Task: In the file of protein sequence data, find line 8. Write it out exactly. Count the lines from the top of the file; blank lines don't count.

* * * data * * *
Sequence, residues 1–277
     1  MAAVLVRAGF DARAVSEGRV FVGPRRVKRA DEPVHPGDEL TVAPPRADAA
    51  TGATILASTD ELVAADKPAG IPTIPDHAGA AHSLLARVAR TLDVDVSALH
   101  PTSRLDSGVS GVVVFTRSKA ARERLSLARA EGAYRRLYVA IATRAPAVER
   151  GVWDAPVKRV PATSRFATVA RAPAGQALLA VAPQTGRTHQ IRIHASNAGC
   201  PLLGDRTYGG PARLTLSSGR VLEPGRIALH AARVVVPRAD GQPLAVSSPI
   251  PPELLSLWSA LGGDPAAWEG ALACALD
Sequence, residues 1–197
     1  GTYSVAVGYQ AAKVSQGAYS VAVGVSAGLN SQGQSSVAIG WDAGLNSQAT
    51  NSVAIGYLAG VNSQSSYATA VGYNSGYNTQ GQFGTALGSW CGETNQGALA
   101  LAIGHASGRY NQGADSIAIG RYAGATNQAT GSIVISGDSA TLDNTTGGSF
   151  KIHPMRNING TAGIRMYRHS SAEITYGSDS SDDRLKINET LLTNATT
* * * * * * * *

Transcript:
Sequence, residues 1–197